My experience was horrible with Dr. Laurie Green and Pacific Women’s Obstetrics & Gynecology Medical Group’s. I felt guilty not sharing it with others, so perhaps they can avoid a similar experience.
During my first visit with Dr. Laurie Green, which was my first visit to this practice and which happened before the sonogram, I mentioned my concern about the health of the pregnancy because I had had 2 fevers already and also hadn’t had any symptoms.
She was incredibly dismissive of my concerns. Instead, she talked about whether I knew how I wanted to deliver the baby and talked about inducing labor at 39 weeks, to be more likely to have a successful vaginal birth after C-section. I just wanted to get to the sonogram and see if the pregnancy was healthy.
Right after the routine pelvic exam, Dr. Green performed a rectal exam without asking permission beforehand. While my family’s medical history may have given her reason to think this was necessary, the truth was that I’d completed a colonoscopy less than 5 months before, and there was absolutely no reason to do this exam.
And given that many women have history of abuse, I am surprised that she would do something so invasive without giving warning. My husband and I returned a week later because the sonogram did not look good, and we found out that we had lost the heartbeat.
The sonogram is located off-site at the hospital across the street, so the sonographer gave us the bad news. We went to the doctor’s office and one of Dr. Green’s PAs spoke to us about our options: pills to induce a miscarriage or a D&C.
I was surprised that a D&C was an option, because that had not been mentioned to me before (after the 7-week sonogram, Dr. Green called me that night and said pills would probably be sufficient) and because the embryo size had not grown at all since the previous sonogram.
But this was my first miscarriage and my emotions were in a tumult, and I didn’t question this. We decided on the D&C mostly because we were told the bleeding would only last a few days, rather than about 2 weeks as with the pills. Also, after the PA described the level of sedation as ‘twilight sleep’ (how vague is that?), I asked if it was the same as the sedation in a colonoscopy, and the answer was not ‘no’.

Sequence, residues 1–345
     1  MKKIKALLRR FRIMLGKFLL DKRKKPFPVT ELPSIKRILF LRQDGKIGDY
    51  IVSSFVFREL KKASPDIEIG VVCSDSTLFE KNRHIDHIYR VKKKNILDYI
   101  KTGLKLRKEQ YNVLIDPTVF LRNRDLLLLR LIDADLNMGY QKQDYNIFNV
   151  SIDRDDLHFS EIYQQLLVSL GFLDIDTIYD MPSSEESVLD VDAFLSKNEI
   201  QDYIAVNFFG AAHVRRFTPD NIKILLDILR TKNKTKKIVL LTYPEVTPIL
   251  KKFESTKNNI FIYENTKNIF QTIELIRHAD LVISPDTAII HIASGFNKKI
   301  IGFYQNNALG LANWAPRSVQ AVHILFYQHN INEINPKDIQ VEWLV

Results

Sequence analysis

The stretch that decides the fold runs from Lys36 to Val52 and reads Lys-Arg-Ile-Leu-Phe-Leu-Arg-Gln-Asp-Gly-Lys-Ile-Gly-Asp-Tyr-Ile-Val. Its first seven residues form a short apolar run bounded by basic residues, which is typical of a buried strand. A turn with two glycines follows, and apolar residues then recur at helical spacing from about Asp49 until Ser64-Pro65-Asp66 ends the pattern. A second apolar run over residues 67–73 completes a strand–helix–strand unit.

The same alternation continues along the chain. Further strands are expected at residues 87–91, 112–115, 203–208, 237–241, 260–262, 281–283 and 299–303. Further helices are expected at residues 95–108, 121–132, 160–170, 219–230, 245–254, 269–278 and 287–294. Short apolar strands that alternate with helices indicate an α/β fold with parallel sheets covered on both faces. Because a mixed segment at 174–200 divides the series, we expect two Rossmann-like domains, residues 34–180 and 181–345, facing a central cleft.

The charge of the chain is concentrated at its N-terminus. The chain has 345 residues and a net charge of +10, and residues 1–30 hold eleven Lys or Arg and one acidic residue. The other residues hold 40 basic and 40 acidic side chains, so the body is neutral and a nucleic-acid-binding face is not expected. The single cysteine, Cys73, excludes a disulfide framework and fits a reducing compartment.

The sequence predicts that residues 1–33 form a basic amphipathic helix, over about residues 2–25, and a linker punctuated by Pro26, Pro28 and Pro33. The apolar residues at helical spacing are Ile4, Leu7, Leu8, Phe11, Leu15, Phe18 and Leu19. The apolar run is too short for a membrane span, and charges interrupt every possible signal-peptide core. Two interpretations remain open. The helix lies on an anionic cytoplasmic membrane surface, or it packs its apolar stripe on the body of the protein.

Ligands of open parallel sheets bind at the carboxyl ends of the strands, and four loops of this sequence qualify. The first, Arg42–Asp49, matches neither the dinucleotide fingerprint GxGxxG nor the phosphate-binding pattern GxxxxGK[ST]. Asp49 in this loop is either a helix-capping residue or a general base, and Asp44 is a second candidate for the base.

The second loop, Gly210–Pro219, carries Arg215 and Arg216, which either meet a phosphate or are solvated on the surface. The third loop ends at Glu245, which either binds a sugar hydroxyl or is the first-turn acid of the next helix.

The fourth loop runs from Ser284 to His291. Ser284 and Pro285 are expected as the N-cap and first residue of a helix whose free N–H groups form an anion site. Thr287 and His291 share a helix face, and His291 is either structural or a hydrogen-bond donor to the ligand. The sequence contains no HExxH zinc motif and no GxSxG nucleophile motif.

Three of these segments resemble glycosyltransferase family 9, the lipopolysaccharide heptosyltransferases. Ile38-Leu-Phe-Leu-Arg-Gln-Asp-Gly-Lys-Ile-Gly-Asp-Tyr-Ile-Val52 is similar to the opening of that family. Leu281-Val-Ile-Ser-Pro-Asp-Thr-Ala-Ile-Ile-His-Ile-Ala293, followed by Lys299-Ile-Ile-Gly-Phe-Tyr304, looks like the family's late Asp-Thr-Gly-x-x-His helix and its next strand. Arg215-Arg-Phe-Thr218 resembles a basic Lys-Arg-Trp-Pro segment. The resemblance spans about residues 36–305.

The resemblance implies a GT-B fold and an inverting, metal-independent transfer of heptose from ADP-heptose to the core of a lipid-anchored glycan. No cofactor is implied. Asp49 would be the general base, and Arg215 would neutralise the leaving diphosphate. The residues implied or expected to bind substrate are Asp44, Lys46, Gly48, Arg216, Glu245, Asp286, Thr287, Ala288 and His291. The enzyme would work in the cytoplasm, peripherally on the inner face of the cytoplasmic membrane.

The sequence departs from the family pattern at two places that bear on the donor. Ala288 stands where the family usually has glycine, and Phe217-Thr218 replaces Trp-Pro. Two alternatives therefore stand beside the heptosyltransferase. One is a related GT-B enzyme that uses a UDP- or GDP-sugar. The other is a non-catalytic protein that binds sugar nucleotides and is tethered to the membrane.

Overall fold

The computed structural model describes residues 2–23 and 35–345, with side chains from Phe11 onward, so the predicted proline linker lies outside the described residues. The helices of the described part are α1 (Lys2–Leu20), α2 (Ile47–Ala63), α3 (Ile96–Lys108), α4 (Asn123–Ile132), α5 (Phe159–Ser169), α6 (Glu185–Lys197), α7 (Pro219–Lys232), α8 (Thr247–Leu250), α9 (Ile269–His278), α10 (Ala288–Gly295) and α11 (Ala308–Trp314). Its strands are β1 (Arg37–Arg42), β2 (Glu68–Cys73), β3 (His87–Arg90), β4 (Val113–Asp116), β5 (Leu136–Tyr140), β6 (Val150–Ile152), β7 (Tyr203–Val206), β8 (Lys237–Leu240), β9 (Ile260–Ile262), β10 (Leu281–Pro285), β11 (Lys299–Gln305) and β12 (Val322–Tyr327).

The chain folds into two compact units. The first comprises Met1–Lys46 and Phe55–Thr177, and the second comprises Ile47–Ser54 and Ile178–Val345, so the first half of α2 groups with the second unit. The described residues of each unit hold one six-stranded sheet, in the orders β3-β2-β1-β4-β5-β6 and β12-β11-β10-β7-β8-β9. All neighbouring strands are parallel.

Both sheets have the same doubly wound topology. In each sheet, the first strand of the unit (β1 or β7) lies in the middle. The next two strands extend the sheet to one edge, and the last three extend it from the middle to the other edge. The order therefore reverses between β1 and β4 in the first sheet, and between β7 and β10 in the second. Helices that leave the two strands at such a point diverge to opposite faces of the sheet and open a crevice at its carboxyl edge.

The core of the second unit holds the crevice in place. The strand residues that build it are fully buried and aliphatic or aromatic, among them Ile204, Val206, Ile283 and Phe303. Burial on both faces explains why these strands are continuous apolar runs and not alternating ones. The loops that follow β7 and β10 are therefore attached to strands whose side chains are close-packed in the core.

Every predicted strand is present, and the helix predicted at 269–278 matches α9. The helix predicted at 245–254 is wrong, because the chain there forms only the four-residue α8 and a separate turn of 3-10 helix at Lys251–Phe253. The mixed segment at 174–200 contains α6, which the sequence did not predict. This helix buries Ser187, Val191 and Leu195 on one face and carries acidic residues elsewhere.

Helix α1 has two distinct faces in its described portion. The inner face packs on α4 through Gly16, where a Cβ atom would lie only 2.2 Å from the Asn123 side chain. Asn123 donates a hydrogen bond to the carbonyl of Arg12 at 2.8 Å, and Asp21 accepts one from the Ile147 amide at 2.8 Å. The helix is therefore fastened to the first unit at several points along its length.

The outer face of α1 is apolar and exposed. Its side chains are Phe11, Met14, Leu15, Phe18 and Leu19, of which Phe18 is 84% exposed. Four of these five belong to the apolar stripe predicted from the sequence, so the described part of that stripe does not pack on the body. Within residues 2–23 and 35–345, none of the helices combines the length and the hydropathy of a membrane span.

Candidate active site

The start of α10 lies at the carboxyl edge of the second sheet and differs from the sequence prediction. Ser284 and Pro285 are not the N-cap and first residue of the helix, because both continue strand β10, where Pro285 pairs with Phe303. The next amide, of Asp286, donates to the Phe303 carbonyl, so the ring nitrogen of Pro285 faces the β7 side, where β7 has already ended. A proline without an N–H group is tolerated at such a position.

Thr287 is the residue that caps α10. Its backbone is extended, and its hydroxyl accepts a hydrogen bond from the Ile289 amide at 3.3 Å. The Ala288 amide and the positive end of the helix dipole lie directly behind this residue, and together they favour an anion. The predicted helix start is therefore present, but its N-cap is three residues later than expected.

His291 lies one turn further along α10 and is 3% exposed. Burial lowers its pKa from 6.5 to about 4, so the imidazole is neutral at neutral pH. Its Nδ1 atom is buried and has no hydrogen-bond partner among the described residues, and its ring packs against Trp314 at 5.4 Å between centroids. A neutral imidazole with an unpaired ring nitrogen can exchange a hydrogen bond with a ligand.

Turns out it is very different – after colonoscopy, you wake up as they are wheeling you out of the room, but with D&C, they put a tube down your throat, and I have no memory of the first 1-2 hours after I apparently woke up and was in the recovery room.
They scheduled me for the D&C that same evening. I bled for 12 days. At my 2-week follow-up, which was with a different PA, I asked to see Dr. Green because I was still spotting, and this was a lot longer than what I was told to expect.
This PA told me it was normal to bleed up to 4 weeks after D&C! I was so upset – we decided on the D&C because we were told bleeding would stop within a few days. I wouldn’t allow any PA to perform the exam, because a PA was giving me incorrect or incomplete information and I didn’t know which one. The PA said she would tell the manager about my concerns and the manager would help us make an appointment with Dr. Green.
The manager called me that same day. She did not ask me to explain my experience, but rather directly reported a message from Dr. Green: That all seasoned doctors had PAs perform the D&C follow-up and if I didn’t like it, I should find a new graduate who ‘does her own follow-ups after D&Cs’. I think this was probably the most insensitive message a physician could relay.
My concerns were about the inaccurate information I got repeatedly from her PAs, not because I was trying to be difficult. I just wanted the whole thing over, but not with a PA who may not be giving me correct information.
A few days later, I called the office manager with my three main issues: the rectal exam, the inaccurate information about the sedation and the inaccurate information about the bleeding, and I asked for a referral. She listened, seemed to take notes, and I never heard from anyone again.
I went to UCSF for the follow-up. The nurse practitioner there asked why they scheduled the D&C for that same day, usually they wait a bit to see if the miscarriage will happen on its own. There were other (much smaller) issues with the practice.
The doctor’s office didn’t give us any information about pre-registering for the hospital for the sonogram, and the process there ended up taking a really long time. The bills arriving from the hospital for the sonogram triggered the wrong benefit from our insurance (the imaging benefit, not the prenatal benefit) and led to a still-ongoing challenge with the insurance company.
Well, I hope by sharing my experience I’ve helped you make a decision about which medical practice to NOT use for your pregnancy. Best of luck with your pregnancies!